Severelius wrote:I may have got hung up on the Greek pantheon there because it's kick-ass but the larger point stands: You can worship any religion you want so I don't get why people stick with ones that have a terrible track record in regards to sexuality.

I know, it’s so weird. It’s almost as if religions are adhered to based on how convinced they are of it.

Re: Christianity and being gay

Unread postPosted: 28 April 2020, 12:22
by Magic J
Severelius wrote:...despite what some people say your religion is entirely a matter of your choice...

"Choice" is the difficult word, here. We make choices, but not under conditions of our own choosing, as some dirty beard man used to say. Challenging the worldview you've been immersed in and formed by is extremely difficult. I suggest that this should be kept in mind if we're to criticise with empathy (i.e, effectively).

Re: Christianity and being gay

Unread postPosted: 28 April 2020, 13:11
by azureflame
I quit religion when I was a kid but this same question stayed with me for a long time. In the end, I just came to the realization that it doesn't matter even if it was a sin. Everyone has a sin that they won't ask forgiveness for. It can be something very big or very small but everyone lives in sin. So you shouldn't feel like you don't belong as a christian just cause you are gay.

I believe the most important thing is to live in peace with yourself. Be a good person to others. Help whenever you can. I mean, a lot of the beliefs in the Bible aren't enforced now because they are just crazy. If being gay was something really awful, then it would have been written as the eleventh commandment or Jesus would have said something about it. AFAIK, he just said to love others without any conditions.

Re: Christianity and being gay

Unread postPosted: 28 April 2020, 13:22
by Severelius
Magic J wrote:
Severelius wrote:...despite what some people say your religion is entirely a matter of your choice...

"Choice" is the difficult word, here. We make choices, but not under conditions of our own choosing, as some dirty beard man used to say. Challenging the worldview you've been immersed in and formed by is extremely difficult. I suggest that this should be kept in mind if we're to criticise with empathy (i.e, effectively).

I'll be honest my view on religion is less nuanced that perhaps I'd like it to be. I've been identifying as an atheist since I was 11 because that's the first time I learned there was a word for not believing in any ideas of God or higher power. I don't think there's ever been a time in my life when I've believed in God in any way, shape or form or even been tempted by the idea of it. I don't have it in me to have faith in something of that nature. I don't believe in God, or fate, or karma, or even the idea of a soul being an actual thing.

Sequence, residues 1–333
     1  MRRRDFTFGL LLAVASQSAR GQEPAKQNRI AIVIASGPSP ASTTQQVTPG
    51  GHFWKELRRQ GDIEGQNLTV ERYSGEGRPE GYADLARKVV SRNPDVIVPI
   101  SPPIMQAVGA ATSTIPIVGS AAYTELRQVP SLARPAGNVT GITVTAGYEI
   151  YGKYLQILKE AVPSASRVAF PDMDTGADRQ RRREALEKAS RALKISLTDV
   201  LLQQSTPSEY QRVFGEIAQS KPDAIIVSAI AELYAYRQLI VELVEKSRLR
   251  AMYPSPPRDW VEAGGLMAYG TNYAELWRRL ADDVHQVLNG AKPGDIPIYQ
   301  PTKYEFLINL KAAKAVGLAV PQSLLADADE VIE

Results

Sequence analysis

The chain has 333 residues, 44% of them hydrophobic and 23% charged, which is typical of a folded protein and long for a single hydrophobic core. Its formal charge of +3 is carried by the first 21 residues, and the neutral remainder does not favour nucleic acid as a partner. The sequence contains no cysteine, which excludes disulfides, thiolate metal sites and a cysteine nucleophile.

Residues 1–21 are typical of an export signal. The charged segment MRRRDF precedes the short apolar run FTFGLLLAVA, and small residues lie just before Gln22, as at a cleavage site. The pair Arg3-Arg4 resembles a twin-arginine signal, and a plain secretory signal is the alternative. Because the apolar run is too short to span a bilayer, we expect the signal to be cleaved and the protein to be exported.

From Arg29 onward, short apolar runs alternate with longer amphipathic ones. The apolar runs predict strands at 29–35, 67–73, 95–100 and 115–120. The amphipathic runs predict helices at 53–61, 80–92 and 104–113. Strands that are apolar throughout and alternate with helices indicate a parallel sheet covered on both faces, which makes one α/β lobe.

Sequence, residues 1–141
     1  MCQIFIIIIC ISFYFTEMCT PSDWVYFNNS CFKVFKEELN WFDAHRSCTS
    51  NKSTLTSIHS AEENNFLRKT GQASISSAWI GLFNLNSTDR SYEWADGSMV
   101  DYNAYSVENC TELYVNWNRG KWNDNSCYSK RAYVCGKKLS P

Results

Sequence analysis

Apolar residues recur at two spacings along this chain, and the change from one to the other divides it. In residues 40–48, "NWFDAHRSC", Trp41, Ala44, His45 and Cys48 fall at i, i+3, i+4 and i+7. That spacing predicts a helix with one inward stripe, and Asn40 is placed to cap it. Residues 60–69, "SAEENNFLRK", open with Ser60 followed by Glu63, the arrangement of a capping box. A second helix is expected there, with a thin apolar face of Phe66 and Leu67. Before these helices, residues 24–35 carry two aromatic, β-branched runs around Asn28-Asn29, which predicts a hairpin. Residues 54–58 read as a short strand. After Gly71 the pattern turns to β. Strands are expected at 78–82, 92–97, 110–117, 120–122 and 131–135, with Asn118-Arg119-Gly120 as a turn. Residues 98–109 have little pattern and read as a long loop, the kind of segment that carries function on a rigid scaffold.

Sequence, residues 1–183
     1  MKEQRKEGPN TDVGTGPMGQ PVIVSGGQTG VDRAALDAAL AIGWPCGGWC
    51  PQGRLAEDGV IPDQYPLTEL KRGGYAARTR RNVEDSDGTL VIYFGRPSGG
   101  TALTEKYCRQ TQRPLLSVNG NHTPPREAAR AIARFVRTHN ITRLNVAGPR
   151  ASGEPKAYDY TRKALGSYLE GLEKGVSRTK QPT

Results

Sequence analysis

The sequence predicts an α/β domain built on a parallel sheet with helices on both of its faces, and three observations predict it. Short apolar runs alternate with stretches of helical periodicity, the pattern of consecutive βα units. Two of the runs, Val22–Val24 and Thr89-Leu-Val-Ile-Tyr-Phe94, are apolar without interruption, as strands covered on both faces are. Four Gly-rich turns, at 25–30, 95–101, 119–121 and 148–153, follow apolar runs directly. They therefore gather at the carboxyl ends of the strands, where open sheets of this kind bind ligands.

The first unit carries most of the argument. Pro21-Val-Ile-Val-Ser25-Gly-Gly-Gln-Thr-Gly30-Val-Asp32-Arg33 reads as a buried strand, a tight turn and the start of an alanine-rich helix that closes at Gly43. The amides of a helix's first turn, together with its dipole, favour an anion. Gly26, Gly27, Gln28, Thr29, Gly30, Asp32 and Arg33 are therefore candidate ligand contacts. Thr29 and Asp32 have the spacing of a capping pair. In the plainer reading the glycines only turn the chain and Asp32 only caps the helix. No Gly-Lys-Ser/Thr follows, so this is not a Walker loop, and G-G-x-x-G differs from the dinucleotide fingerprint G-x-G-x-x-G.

I do still maintain that what religion you subscribe to is still, however, a matter of choice. Maybe not an easy one or one that a lot of people even consider but nonetheless the mere fact that people losing their faith, or converting from one religion to another, are things that can and do happen proves that it is a personal choice in some way.

Circumstances obviously varying from person to person but the alternative is that a religion is an immutable inherent facet of someone's very being which is not a conclusion borne out by evidence, such as the aforementioned idea of religious conversion. I don't deny that a lot of religious followers might view their particular denominational faith as something inherent to their very existence, but that doesn't make it true. It makes it a matter of faith, like the existence of God him/her/itself.

Re: Christianity and being gay

Unread postPosted: 28 April 2020, 13:43
by Magic J
Severelius wrote:I'll be honest my view on religion is less nuanced that perhaps I'd like it to be. I've been identifying as an atheist since I was 11 because that's the first time I learned there was a word for not believing in any ideas of God or higher power. I don't think there's ever been a time in my life when I've believed in God in any way, shape or form or even been tempted by the idea of it. I don't have it in me to have faith in something of that nature. I don't believe in God, or fate, or karma, or even the idea of a soul being an actual thing.

Yes, I'm basically similar. I've never been religious, and never had any sort of religious upbringing or schooling, so it's all quite an abstract matter to me. For all intents and purposes, I'm atheist. I suppose my interest in religious works (usually of the quite abstract and mystical sort) stems from a longing for some fixity in a topsy-turvy reality. For my part, that impulse can be fed without overly restrictive orthodox systems, though.

Severelius wrote:I do still maintain that what religion you subscribe to is still, however, a matter of choice. Maybe not an easy one or one that a lot of people even consider but nonetheless the mere fact that people losing their faith, or converting from one religion to another, are things that can and do happen proves that it is a personal choice in some way.

I'd think that believers in whatever religion have more in common with other believers than they do with atheists or agnostics. I'd still want to emphasise the community element as something which might make it particularly difficult to challenge religious beliefs. I feel that it's probably the sense of community that holds much of the value for believers, rather than the complexities of how many fingers are to be extended whilst making a blessing. :P It's an issue of identity as well as an issue of correctness.